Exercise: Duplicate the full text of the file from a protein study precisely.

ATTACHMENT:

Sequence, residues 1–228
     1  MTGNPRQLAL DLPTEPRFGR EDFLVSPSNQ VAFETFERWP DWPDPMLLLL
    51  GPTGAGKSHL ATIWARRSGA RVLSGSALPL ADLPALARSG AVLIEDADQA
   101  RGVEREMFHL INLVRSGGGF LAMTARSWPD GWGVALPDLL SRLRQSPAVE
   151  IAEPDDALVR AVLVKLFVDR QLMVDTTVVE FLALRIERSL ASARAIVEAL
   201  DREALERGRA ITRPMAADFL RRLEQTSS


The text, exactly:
Sequence, residues 1–228
     1  MTGNPRQLAL DLPTEPRFGR EDFLVSPSNQ VAFETFERWP DWPDPMLLLL
    51  GPTGAGKSHL ATIWARRSGA RVLSGSALPL ADLPALARSG AVLIEDADQA
   101  RGVEREMFHL INLVRSGGGF LAMTARSWPD GWGVALPDLL SRLRQSPAVE
   151  IAEPDDALVR AVLVKLFVDR QLMVDTTVVE FLALRIERSL ASARAIVEAL
   201  DREALERGRA ITRPMAADFL RRLEQTSS